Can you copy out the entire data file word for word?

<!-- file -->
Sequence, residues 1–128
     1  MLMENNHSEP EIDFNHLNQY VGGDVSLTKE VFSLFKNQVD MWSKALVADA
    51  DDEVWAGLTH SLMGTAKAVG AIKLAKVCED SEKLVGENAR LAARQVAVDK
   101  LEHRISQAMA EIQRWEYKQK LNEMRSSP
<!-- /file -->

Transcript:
Sequence, residues 1–128
     1  MLMENNHSEP EIDFNHLNQY VGGDVSLTKE VFSLFKNQVD MWSKALVADA
    51  DDEVWAGLTH SLMGTAKAVG AIKLAKVCED SEKLVGENAR LAARQVAVDK
   101  LEHRISQAMA EIQRWEYKQK LNEMRSSP